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Sergeant Howie Had it Coming

Updated: Nov 1

The Wicker Man is, without a doubt, a key cultural touchstone in the modern Pagan movement. Even if you haven’t seen the film, you probably know at least some of the references like naked nature-worshipers jumping over bonfires and burning people alive in a gigantic wicker man which were first popularized in this film. The Wicker Man’s status as a folk horror classic with widespread pop cultural significance is also probably a factor in why this film is one that many Pagans are at least familiar with. What I think makes it especially enduring is how the horror in The Wicker Man depends heavily on how you feel about the actions of police officer Sergeant Howie and, by extension, the kind of society and religious attitudes that he represents. One of the clearest examples of the film's enduring quality is how, for any kind of Pagan and possibly many modern viewers, you can’t shake the feeling that Sergeant Howie had it coming.


Some might argue this is my bias showing and that I am “siding” with the people of Summerisle because they look sort of Pagan and they get a huge boost through their leader, Lord Summerisle, being masterfully portrayed by the late Christopher Lee. Now I won’t argue that it isn’t thoroughly enjoyable to see Christopher Lee do his thing but there is a lot more behind my take than simple sympathy and love of a great actor. To put it simply, Sergeant Howie’s actions simply do not hold up under scrutiny and it is hard not to question if he is truly seeking justice for Rowan Morrison or delivering Christian judgment, with all that implies, to Summerisle. I think on review many modern viewers will come away agreeing that Sergeant Howie fucked around and found out.


The place I want to start with is the portrayals of spirituality in The Wicker Man and Folk Horror generally. One key element of The Wicker Man is its treatment of the clearly non-Christian, Pagan in all but name inhabitants of Summerisle. Age-old nature-based cults are common staple in the genre of folk horror, of which the Wicker Man is a famous example alongside more recent works like Midsommar. Most depictions lean heavily into the weird otherness of these people and their spiritual practices, making them into a strange, exotic group who are clearly set apart from “normal” society. Films like Midsommar milk often this for cheap shock value and use the otherness as the foundation of the horror.


This might make it rather surprising for newer viewers to see that Wicker Man, which built a lot of the core tropes of folk horror, very conspicuously does not do this. A lot of time is spent during the first act showing the people of Summerisle in school, hanging out in the pub, and engaging in their particular customs and traditions. Even though what is shown is clearly very different from mainstream society and world embodied by Howie’s church service, none of this is portrayed as inherently bad or strange.


In fact, much of what is shown of life on Summerisle is it is rather idyllic and the practices of the inhabitants mostly seem to be making them happy. Nothing better shows their confidence and ease than when Howie confronts the local schoolteacher with, “Haven’t they heard about Jesus” to which she replies coolly, “In Comparative Religions.” There is no fear, doubt, or any sense of hatred or scorn for Christianity in her reply. For the teacher, her students, and the other inhabitants of Summerisle their Old Gods are just as real as anything else and can stand toe to toe with Christian beliefs. This is further echoed by Lord Summerisle’s admonition of Sergeant Howie that, “any child can easily grasp reincarnation”, a view on life and death that shocks the reticent police sergeant.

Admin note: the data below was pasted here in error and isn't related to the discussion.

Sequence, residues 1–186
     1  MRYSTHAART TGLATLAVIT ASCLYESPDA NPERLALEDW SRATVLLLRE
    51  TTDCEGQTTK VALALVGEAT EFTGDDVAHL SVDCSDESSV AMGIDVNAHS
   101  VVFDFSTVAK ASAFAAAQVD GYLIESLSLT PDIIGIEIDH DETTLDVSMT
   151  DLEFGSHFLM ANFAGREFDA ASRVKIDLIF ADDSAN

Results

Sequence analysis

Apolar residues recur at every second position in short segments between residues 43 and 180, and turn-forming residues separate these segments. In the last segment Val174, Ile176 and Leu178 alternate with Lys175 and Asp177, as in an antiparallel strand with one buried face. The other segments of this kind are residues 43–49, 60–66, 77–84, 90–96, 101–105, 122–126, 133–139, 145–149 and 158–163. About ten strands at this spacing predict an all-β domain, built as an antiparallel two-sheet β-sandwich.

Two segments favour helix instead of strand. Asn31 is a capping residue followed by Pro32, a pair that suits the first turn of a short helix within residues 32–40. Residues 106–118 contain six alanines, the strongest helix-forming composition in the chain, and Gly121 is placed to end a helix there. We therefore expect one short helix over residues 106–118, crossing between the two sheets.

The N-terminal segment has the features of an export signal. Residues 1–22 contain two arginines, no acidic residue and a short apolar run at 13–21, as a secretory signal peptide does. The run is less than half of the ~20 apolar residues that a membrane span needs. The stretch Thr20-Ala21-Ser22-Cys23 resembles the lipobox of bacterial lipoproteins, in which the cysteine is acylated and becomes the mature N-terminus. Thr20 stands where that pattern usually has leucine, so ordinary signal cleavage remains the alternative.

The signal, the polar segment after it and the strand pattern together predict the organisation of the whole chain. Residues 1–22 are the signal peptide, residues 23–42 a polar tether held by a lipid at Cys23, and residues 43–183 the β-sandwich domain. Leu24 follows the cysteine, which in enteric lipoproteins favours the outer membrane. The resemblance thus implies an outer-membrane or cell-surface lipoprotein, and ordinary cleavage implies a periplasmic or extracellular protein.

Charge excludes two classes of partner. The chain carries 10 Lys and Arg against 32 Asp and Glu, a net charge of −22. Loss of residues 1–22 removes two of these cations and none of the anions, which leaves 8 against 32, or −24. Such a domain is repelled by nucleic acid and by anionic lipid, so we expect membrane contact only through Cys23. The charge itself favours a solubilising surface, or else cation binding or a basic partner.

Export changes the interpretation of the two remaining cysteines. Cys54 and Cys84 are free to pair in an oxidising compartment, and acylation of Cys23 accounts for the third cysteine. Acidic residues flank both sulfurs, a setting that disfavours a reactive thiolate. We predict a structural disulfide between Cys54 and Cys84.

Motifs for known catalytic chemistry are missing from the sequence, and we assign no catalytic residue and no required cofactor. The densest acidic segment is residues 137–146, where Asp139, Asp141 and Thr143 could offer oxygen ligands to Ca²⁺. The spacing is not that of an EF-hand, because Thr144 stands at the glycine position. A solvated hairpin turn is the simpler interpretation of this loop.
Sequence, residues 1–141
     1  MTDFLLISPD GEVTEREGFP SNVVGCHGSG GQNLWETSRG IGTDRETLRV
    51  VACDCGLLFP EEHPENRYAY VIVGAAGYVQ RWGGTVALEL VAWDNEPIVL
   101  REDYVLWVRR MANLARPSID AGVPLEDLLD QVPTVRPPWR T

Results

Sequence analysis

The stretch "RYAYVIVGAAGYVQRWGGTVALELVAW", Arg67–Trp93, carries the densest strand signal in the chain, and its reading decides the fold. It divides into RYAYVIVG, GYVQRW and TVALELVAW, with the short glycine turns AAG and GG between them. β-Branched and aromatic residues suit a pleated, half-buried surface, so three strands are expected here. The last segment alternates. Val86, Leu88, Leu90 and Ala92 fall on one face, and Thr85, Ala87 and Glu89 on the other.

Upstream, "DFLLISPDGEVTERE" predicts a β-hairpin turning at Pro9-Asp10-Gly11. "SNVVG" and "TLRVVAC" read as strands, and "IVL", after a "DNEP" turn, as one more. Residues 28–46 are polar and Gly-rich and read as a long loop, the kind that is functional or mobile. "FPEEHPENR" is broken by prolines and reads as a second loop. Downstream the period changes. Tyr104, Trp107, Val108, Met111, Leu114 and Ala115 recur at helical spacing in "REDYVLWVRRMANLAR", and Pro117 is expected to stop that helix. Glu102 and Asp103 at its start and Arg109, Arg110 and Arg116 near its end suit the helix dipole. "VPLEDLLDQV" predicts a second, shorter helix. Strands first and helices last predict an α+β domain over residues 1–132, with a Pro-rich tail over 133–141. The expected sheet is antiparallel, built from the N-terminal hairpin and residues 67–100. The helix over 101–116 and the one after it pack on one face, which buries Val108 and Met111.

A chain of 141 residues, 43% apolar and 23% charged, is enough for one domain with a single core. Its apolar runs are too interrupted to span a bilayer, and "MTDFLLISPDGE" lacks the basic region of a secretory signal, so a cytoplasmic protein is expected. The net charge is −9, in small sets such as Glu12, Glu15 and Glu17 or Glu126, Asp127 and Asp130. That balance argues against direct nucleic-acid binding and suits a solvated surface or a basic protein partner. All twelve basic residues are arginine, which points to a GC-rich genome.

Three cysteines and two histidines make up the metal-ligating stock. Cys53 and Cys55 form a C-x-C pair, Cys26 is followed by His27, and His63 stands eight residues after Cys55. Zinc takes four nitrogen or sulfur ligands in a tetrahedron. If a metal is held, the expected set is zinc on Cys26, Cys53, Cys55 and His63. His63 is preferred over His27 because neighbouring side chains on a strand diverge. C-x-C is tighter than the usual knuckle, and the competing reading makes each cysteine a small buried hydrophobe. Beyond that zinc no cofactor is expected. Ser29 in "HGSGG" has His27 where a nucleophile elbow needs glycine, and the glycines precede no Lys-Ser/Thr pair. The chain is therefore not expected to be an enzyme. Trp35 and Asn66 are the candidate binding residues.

Sergeant Howie’s Christianity stands in very stark contrast to their relative open-ness and security. Howie is established as deeply devout right at the outset of the film, as shown by him delivering a sermon in a Scottish Protestant, possibly Presbyterian, Church. This choice by the film-makers was deliberate, as Scottish Protestantism is known within British Christianity for its highly judgmental, Calvinist attitudes. Howie is not just a Christian but a member of a particular Christian sect that was known in British society at the time for being especially moralistic, puritanical, and conservative. He is not just a Christian authority figure, he is a product of a particularly intolerant, righteous brand of Christianity that has been seriously challenged since the Reformation.


It’s safe to say the positive portrayal of these worshipers of the Old Gods set in contrast to Sergeant Howie's arch-Christianity is likely intended as a drawn-out, elaborate bait & switch for the audience. The ending becomes much more shocking when you’re used to seeing the Summerisle inhabitants as people with lives and genuine beliefs that are beneficial to them. From a horror movie perspective, the result is an elaborate fake-out that makes you genuinely ask yourself whose side you’re on. For Pagans today, this means The Wicker Man is, entirely unintentionally, one of the more sympathetic portrayals of something like Paganism in popular media and one of the few has the Pagan-like people mostly come across as more reasonable, intelligent, and compassionate than the lone Christian police officer.